Winter Roofing Work – How to Stay Warm on Construction Sites in Winter
Over the past two weeks we’ve been bringing you some information and advice on working on roofs in the winter, how to stay safe, how to recognise the signs that you are physically suffering from the cold and how and how to ensure that workers on construction sites have the facilities and equipment necessary to work in the harshest months of the year. As promised, today we’re going to take a look at what you can do to keep yourself warm and safe when working on construction sites, especially at height, during the coldest few months of the year.
- The first step is to ensure that you have and use the right personal protective equipment (PPE) and extra clothing that is suitable both for the job and for the weather conditions. Wearing several thin layers of clothing is more effective (and more practical) than wearing just one heavy, bulky item over your usual workwear. The outer layer should be waterproof or wind-resistant, if necessary.
- Choose water-resistant footwear, with slip resistant soles – in freezing temperatures, add ice grips to your work boots for extra protection against slips and falls.
- Wear thermal gloves whenever possible (and if the temperature drops below 4°C. When fine manual dexterity is required for a task, fingerless gloves may prove useful for short periods of time.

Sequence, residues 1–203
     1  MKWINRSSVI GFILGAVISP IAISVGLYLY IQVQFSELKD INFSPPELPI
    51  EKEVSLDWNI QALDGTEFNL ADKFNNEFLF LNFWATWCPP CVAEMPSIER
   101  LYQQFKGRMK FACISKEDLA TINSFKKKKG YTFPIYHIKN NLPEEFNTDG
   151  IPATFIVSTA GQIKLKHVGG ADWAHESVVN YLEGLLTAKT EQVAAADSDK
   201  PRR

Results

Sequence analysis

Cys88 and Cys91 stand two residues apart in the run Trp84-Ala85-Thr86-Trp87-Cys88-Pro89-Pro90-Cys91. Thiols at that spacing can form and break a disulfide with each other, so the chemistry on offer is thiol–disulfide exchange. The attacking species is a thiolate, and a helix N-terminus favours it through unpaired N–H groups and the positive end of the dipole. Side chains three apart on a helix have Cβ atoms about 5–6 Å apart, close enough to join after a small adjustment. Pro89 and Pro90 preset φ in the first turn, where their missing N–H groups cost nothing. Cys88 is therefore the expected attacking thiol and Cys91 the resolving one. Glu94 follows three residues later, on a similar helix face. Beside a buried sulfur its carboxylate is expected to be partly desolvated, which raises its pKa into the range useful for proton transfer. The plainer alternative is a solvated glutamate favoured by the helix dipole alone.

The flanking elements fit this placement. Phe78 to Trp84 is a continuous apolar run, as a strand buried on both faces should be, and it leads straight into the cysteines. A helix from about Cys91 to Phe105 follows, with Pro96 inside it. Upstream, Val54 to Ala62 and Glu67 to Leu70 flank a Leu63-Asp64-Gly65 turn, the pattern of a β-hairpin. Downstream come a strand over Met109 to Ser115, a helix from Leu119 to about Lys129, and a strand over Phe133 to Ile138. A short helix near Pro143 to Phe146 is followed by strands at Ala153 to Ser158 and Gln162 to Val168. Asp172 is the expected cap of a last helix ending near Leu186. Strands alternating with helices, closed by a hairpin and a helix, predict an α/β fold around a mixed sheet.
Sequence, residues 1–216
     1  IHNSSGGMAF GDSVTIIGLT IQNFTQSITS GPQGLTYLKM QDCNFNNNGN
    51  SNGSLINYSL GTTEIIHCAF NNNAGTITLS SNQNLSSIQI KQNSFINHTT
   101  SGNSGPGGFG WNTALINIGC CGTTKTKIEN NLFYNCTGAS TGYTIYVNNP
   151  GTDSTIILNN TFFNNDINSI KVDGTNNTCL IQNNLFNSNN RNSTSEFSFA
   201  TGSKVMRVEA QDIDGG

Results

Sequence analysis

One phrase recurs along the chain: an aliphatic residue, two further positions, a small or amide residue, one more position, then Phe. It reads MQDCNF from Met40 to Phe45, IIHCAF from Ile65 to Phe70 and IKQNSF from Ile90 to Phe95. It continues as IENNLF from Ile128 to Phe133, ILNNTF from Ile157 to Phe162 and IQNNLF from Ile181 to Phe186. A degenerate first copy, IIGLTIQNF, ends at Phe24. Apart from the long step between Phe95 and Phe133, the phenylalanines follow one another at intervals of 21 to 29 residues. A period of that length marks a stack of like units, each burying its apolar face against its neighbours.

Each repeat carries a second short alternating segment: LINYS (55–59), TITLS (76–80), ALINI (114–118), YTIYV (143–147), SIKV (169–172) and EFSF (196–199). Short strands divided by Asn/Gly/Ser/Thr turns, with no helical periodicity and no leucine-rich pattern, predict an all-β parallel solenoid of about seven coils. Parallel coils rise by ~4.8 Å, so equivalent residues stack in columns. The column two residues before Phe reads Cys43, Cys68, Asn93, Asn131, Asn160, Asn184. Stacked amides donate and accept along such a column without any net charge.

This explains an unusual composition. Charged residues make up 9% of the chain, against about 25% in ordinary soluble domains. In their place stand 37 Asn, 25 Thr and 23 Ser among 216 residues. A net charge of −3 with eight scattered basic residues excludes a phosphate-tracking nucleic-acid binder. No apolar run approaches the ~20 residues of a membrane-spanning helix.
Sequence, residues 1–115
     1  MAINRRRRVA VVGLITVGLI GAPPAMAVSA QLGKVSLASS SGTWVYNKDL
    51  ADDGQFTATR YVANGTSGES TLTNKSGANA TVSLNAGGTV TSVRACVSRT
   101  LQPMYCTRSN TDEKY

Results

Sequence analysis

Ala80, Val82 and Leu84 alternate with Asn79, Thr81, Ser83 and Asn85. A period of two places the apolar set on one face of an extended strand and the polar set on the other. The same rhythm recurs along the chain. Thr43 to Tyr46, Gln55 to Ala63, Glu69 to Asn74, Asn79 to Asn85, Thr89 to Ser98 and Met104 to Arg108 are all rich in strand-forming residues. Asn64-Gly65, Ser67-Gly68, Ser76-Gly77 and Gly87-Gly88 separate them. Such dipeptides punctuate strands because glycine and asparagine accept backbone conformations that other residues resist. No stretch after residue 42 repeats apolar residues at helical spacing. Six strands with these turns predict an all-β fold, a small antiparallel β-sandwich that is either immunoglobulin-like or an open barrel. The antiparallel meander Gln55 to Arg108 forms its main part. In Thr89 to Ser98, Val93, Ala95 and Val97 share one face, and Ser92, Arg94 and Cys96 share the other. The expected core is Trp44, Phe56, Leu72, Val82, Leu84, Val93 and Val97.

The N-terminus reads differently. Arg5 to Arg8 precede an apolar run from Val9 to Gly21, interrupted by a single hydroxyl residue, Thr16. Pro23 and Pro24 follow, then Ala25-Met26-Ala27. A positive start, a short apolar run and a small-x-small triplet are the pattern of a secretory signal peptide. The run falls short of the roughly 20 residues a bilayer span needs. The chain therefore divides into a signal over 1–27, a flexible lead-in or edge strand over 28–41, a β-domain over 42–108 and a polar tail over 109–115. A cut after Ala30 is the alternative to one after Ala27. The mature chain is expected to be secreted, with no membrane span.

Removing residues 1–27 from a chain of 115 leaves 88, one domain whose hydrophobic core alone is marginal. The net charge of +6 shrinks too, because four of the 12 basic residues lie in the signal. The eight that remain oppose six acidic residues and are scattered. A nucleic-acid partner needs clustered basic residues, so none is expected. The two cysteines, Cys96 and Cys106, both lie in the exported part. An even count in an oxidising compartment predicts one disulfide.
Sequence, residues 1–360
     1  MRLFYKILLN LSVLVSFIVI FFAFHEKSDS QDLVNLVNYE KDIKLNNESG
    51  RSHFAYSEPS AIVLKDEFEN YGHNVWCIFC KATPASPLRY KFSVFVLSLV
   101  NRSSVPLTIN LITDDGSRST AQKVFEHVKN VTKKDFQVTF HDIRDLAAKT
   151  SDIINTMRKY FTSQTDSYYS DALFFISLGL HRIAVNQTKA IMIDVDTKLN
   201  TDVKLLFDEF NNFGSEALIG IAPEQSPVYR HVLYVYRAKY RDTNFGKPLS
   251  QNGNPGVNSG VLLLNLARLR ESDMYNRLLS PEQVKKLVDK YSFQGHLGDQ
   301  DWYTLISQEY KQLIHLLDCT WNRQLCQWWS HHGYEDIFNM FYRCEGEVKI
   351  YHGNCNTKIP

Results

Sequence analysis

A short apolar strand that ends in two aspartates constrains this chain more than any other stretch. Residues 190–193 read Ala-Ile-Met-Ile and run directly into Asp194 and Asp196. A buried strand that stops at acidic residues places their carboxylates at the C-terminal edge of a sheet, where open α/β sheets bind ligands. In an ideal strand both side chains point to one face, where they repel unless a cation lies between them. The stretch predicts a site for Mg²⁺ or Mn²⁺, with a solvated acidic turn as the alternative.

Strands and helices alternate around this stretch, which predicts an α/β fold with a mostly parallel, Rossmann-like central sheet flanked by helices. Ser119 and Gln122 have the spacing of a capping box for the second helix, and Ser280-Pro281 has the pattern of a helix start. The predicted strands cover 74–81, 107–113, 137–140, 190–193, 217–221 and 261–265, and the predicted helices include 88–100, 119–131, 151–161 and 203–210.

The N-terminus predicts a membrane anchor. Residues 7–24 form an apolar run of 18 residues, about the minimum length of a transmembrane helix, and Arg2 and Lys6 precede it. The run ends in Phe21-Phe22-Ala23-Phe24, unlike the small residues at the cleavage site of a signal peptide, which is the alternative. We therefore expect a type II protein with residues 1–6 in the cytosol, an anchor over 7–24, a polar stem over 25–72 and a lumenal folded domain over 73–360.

- The risk of hand-arm vibration syndrome is increased during cold weather, so keeping hands and arms warm is vital, especially when using vibratory tools and equipment like drills, nail guns and some hand tools.
- Choose a cap that can safely be worn with a safety helmet (some suppliers offer thermal beanie type hats that are specifically designed for use with a safety helmet). Make sure that any extra headgear does not compromise eye safety or hearing protection.
- With reduced visibility due to both poor weather conditions and earlier twilight, it’s vital to ensure that you wear reflective PPE so that you can easily be seen.
- Be aware of the signs and symptoms of exposure to the cold, such as shivering, numbness, fatigue and drowsiness.
- Take plenty of breaks in heated areas and make sure you drink plenty of fluids, including water and warm beverages. Your employer may allow you to take more breaks that are shorter during very cold weather so that you can limit your exposure to the cold.
- Make sure that you report any hazardous areas to the site manager. Conditions on construction sites can change rapidly during colder weather, so the initial site safety check done in the morning may not be applicable later in the day, especially if the temperature has dropped or it’s begun to rain or snow.
Never forget that, although your employer is responsible for the health and safety of all workers onsite, you also have a responsibility – both to yourself and to everybody else on site. Make sure that you are constantly aware of risks and make a habit of checking on your colleagues too. Safety is the responsibility of everybody on site – keeping that in mind will go a long way towards keeping construction and roofing work safe in winter.